18

Ronnie Foster: Ronnie Foster: Two Headed Freap – 1973

Marc Davis By

Sign in to view read count
The critics hated Blue Note in the 1970s, and that might be an understatement. Me, I'm kind of intrigued.

Fans of good old hard bop, or even soul jazz, were largely left out in the cold. Blue Note in the '70s was a label struggling for its very existence, desperate to find a niche and snag some sales. All of which drove the critics and jazz purists nuts.

Richard Cook, in his 2001 book Blue Note Records: The Biography, is positively savage. "The music which the imprint recorded was full of noodling, posturing and modish idiocy. Scarcely any of the musicians who recorded for Blue Note during this period emerged with any real credit or credibility."

Even Richard Havers, in his wonderful 2014 book Uncompromising Expression—a must-own coffee- table history of Blue Note—doesn't ignore the critical consensus. He quotes Hugh Witt of Jazz Journal: "It is sad that a label with the reputation of Blue Note should be reduced to recording the casual meanderings of background pop music."

Still, if you like soul, funk and R&B, you can't help digging many 1970s Blue Note albums. Ronnie Foster's Two Headed Freap may be the poster child for the genre, for better or worse. I like it. Foster is an organ virtuoso and Freap is a cross between Sly & the Family Stone and Emerson, Lake & Palmer. In fact, the title track could be an outtake from ELP's Tarkus. It's that kind of keyboard-crazy funky weirdness.

Two Headed Freap is full of soul-funk deliciousness. In addition to the title track, check out the closer, "Kentucky Fried Chicken," a heap of organ excursions—yes, noodling, if you insist—based on a catchy funk riff. Or the opener, "Chunky," which is more of the same.

Unfortunately, Freap also includes a few soulless, funkless muzak tunes. "Summer Song" is soulful enough—it sounds like it could be an instrumental version of an old O'Jays tune—but it merely distracts from the catchier tunes. Ditto an instrumental take on Al Green's "Let's Stay Together."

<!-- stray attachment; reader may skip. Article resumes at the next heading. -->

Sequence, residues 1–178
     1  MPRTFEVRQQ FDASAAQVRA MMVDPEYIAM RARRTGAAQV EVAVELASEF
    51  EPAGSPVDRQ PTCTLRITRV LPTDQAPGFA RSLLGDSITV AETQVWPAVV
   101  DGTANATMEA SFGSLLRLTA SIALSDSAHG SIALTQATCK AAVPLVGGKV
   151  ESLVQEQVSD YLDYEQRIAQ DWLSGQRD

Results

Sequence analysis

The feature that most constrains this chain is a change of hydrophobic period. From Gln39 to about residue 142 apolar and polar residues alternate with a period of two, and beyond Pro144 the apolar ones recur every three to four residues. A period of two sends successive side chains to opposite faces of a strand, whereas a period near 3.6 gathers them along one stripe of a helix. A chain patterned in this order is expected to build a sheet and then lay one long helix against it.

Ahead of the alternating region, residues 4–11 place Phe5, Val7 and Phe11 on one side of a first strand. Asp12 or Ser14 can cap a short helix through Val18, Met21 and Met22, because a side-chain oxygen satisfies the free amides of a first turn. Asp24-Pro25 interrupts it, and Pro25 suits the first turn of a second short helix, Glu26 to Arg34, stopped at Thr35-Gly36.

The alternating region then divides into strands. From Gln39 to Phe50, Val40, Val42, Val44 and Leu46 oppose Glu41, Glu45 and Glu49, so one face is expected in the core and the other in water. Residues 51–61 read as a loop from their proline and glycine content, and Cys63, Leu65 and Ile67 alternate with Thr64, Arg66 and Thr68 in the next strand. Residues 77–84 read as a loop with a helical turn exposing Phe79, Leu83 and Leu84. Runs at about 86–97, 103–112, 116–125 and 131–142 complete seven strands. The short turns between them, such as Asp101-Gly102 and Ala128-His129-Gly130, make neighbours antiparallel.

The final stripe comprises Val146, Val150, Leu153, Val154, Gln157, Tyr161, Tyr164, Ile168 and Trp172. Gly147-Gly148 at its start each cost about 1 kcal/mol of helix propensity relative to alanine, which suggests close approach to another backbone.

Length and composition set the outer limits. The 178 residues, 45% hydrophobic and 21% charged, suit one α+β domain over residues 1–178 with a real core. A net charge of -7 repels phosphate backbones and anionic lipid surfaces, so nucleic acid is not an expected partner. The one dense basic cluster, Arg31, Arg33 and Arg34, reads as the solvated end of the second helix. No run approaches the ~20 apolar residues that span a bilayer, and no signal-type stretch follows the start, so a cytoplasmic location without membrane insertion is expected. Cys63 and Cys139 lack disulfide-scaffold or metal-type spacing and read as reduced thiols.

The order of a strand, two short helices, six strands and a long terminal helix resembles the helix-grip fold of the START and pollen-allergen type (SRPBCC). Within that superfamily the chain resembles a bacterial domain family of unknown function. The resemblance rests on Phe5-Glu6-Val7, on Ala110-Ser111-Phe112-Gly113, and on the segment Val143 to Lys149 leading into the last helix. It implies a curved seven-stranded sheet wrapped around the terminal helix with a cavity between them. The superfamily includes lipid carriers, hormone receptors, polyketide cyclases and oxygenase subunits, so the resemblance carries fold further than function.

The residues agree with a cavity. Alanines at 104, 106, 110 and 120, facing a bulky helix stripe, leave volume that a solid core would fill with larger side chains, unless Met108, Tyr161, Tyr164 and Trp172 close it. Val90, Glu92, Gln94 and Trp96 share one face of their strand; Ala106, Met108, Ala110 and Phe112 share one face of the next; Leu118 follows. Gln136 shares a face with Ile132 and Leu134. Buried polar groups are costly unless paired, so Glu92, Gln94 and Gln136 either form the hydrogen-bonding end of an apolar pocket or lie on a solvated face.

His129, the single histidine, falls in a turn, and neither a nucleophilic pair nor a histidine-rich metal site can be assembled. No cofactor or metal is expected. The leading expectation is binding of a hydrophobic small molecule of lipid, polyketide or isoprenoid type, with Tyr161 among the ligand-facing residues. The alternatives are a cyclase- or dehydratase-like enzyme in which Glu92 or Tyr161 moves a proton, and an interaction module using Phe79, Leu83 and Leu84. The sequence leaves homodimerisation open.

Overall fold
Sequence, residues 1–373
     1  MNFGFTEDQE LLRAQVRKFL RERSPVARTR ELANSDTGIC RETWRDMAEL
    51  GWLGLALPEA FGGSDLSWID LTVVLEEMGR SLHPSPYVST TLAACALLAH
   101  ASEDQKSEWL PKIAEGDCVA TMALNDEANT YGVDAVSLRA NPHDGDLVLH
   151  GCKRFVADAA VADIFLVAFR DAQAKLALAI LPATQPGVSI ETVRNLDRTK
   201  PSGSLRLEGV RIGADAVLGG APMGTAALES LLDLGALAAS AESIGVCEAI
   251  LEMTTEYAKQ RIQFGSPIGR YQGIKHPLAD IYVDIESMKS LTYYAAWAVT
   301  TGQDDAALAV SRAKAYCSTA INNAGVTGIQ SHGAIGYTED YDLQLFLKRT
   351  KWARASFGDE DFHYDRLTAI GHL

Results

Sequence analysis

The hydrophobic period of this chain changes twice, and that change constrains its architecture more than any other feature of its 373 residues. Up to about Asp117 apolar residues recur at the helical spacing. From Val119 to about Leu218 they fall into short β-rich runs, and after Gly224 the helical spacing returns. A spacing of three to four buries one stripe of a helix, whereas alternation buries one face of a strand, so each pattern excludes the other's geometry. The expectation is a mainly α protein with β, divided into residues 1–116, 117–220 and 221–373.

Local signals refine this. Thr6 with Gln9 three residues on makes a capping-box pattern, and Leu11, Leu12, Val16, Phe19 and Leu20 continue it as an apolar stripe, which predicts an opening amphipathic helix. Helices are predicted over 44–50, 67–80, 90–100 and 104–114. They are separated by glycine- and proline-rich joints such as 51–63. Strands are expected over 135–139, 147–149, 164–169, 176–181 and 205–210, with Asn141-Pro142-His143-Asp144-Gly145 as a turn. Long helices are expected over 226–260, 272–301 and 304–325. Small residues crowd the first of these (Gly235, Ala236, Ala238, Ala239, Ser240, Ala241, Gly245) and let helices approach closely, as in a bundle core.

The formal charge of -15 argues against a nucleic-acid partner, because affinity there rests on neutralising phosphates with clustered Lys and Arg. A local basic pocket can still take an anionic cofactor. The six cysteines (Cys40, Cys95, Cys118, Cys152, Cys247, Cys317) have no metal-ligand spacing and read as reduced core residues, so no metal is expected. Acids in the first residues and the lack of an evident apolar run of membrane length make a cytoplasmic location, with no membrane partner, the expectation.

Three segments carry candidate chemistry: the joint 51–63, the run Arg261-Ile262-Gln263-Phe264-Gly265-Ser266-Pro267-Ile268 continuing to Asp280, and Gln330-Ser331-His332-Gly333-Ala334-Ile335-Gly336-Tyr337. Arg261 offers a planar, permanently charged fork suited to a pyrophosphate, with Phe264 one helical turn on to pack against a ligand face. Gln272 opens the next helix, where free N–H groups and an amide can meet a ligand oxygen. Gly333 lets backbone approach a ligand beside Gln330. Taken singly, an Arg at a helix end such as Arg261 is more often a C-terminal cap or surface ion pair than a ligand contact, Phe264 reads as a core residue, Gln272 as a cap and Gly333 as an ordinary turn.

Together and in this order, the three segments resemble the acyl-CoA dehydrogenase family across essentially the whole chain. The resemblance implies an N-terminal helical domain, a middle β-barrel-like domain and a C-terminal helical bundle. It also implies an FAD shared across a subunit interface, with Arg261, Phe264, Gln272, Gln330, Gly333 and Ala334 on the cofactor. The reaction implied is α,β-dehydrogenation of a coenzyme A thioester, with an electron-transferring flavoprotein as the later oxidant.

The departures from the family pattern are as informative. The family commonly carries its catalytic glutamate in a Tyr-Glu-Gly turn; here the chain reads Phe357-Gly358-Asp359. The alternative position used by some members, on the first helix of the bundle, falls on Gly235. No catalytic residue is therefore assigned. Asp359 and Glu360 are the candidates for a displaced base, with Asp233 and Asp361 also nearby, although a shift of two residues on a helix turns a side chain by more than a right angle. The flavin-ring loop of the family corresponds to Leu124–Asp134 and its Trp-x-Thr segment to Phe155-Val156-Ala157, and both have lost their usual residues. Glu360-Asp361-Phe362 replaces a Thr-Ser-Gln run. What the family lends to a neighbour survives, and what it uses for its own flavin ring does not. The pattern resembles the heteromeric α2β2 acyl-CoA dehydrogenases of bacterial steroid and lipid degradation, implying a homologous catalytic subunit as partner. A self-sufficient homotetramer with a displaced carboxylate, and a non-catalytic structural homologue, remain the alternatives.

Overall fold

It's true: By 1973, Blue Note had wandered very far from its hard bop roots. No need to mourn. If hard bop is your cup of tea, there's plenty to feast on in Blue Note's back catalog. But if you're cool with late '60s/early '70s funk, Two Headed Freap is a tasty buffet.

Rating: 4 stars (out of 5)

Availability: Not exactly a rarity

Cost: $11 used, $17 new, $9.50 for MP3 files

Tags

Watch

comments powered by Disqus

Shop for Music

Start your music shopping from All About Jazz and you'll support us in the process. Learn how.

Related Articles

Read My Fats Waller Obsession: Why Do We Collect Music? My Blue Note Obsession
My Fats Waller Obsession: Why Do We Collect Music?
By Marc Davis
May 31, 2017
Read Ike Quebec: Blue & Sentimental - 1962 My Blue Note Obsession
Ike Quebec: Blue & Sentimental - 1962
By Marc Davis
May 14, 2017
Read Jack Wilson: Something Personal – 1966 My Blue Note Obsession
Jack Wilson: Something Personal – 1966
By Marc Davis
May 1, 2017
Read Ronnie Foster: Two Headed Freap – 1973 My Blue Note Obsession
Ronnie Foster: Two Headed Freap – 1973
By Marc Davis
April 18, 2017
Read Bud Powell: The Scene Changes - 1958 My Blue Note Obsession
Bud Powell: The Scene Changes - 1958
By Marc Davis
April 4, 2017
Read Walter Davis Jr.: Davis Cup - 1959 My Blue Note Obsession
Walter Davis Jr.: Davis Cup - 1959
By Marc Davis
March 21, 2017
Read Paul Chambers: Paul Chambers Quintet - 1957 My Blue Note Obsession
Paul Chambers: Paul Chambers Quintet - 1957
By Marc Davis
March 3, 2017